FREDERICK HENRY, PRINCE OF ORANGE.
ON the death of Maurice ( April 23, 1625), his younger brother, Frederick Henry, was hailed by men of all parties and opinions in the United Provinces as his natural successor, and the reins of power were unreservedly placed in his hands. He was now in the prime of life, having been born at Delft in 1584, and he possessed every qualification both by training and inherited gifts for the position of high authority and influence to which he was called. From his earliest youth he had lived in camps, and had shown himself a keen student of military science under the careful tuition of his brother. Already distinguished by many gallant feats of arms, handsome in face, chivalrous in bearing, with genial manners, the first of his House who could speak Dutch without a foreign accent, the son of William the Silent and Louise de Coligny had endeared himself alike to the army and the people, and this personal popularity was increased by the known tolerance and moderation of his religious and political opinions. Without a dissentient voice he was at once elected by the five Provinces of Holland, Zeeland, Utrecht, Overyssel, and Gelders as Stadholder in the place of Maurice, and was appointed by the States General Captain-General and Admiral-General of the Union, and head of the Council of State.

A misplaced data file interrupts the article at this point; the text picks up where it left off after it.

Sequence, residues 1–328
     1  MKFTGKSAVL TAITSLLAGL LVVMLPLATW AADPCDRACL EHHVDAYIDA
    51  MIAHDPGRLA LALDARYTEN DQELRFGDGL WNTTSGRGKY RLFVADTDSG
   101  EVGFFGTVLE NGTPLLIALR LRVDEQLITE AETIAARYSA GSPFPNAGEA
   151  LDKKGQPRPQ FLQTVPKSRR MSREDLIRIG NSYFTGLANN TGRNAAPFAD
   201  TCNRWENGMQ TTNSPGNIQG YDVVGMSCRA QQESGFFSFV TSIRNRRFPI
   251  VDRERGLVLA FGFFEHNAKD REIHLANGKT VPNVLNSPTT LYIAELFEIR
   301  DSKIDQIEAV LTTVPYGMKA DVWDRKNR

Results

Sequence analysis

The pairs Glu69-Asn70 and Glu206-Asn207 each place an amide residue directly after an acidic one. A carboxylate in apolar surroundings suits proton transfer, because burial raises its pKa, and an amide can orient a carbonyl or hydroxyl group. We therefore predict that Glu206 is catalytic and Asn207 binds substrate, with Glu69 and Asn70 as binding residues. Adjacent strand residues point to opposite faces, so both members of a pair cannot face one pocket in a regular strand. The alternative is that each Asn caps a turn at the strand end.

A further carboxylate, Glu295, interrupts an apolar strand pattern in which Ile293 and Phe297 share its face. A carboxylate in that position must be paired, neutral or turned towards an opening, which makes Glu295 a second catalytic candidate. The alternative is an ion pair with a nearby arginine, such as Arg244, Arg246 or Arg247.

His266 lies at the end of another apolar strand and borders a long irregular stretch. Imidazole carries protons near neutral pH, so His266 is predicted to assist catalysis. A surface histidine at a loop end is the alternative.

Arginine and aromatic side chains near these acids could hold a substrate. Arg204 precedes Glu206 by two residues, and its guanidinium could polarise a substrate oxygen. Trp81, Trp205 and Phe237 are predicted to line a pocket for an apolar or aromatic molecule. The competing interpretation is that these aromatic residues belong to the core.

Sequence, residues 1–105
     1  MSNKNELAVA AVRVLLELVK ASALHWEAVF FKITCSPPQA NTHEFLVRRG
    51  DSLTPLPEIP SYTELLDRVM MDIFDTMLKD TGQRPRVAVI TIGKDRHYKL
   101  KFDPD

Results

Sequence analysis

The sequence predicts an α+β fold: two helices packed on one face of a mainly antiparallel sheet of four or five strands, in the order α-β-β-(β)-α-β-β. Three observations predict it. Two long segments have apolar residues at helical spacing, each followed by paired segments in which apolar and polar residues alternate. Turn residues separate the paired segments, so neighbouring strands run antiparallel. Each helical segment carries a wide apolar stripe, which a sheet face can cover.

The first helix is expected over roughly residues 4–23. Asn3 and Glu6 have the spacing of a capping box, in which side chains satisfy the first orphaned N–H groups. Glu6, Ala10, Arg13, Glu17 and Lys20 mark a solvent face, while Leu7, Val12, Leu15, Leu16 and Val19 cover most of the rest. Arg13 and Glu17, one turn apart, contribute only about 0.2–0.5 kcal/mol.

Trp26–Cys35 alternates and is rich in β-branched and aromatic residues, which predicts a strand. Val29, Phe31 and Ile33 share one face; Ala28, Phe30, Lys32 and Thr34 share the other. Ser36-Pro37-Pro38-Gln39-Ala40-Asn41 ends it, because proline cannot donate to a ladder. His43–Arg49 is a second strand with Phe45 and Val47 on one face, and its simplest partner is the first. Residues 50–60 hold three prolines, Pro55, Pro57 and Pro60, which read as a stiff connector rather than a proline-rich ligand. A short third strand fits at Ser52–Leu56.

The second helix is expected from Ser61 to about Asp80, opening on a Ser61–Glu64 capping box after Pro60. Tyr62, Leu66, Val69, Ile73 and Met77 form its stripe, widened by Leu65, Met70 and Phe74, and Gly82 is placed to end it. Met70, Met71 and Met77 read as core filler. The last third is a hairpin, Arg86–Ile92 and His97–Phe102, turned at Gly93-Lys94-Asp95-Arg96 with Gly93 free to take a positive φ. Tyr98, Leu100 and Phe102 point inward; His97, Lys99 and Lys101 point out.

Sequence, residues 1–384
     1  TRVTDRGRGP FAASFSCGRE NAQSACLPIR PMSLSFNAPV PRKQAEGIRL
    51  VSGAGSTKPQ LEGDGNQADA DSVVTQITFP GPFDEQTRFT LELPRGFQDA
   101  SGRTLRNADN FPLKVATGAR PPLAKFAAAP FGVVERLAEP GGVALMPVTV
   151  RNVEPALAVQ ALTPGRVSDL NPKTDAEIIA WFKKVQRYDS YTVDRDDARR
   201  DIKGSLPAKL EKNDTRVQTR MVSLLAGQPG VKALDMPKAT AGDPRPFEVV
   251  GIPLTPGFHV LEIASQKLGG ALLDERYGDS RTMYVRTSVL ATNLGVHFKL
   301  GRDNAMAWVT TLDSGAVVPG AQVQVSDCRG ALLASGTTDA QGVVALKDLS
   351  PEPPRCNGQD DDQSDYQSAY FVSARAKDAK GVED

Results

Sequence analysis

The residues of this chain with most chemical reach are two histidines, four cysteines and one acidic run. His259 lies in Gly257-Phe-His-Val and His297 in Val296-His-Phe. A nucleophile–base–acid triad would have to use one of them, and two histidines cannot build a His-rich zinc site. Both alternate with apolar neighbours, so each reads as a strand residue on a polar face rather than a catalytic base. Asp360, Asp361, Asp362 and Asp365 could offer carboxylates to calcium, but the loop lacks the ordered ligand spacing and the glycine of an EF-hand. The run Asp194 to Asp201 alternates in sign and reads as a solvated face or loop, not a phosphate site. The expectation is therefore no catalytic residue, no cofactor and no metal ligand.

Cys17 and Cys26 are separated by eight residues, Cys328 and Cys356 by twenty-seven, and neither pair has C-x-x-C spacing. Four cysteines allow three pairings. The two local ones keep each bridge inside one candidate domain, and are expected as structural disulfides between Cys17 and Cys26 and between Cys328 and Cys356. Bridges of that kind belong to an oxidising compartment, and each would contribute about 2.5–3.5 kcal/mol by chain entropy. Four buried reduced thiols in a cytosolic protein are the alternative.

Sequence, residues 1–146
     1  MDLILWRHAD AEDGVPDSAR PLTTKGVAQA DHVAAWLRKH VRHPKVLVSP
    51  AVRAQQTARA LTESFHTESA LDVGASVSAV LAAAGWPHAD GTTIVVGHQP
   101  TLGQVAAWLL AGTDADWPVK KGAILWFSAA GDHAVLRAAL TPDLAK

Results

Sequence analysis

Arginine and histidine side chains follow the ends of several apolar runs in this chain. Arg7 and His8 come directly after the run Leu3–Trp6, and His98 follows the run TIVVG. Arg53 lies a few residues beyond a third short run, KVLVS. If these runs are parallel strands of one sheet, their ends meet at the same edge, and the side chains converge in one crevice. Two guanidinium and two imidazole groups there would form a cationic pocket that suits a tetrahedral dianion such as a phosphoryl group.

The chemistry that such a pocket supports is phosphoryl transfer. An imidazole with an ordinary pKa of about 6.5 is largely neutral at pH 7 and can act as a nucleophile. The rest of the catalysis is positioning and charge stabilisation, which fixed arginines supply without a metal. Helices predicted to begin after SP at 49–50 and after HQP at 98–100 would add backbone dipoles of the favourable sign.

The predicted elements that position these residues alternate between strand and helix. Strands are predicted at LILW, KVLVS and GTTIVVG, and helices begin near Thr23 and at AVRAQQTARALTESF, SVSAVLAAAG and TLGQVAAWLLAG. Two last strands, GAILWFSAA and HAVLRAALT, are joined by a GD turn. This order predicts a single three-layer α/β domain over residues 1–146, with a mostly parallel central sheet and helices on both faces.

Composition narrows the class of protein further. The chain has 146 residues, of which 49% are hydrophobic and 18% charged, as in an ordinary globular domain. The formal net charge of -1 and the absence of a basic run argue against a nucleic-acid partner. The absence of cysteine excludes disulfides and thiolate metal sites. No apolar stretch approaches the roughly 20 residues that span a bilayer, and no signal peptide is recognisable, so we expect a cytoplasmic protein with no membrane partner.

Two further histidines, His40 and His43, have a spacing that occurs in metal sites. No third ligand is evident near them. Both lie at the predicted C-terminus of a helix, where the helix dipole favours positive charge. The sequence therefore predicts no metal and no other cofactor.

Frederick Henry thus found himself, without a rival in the field, at the head of a country weary of domestic strife. He was invested with vast, though undefined, powers, and he used them with a statesmanlike sagacity and masterly tact which gave him henceforth undisputed predominance in the State. It was an authority which grew with the passing of the years. A contemporary writer, van der Capellen, a little later states that "the Prince in truth disposed of everything as he liked. All things gave way to his word." Nor was the increasing deference paid to his advice in matters political the only difference between the position of Frederick Henry and that of his predecessors. Frederick Henry was married to a clever and ambitious wife; and both he and Amalia von Solms delighted in society and were fond of ceremonial display. The somewhat burgher-like simplicity of the bachelor household of the surly Maurice was exchanged for the luxurious splendours of a Court. The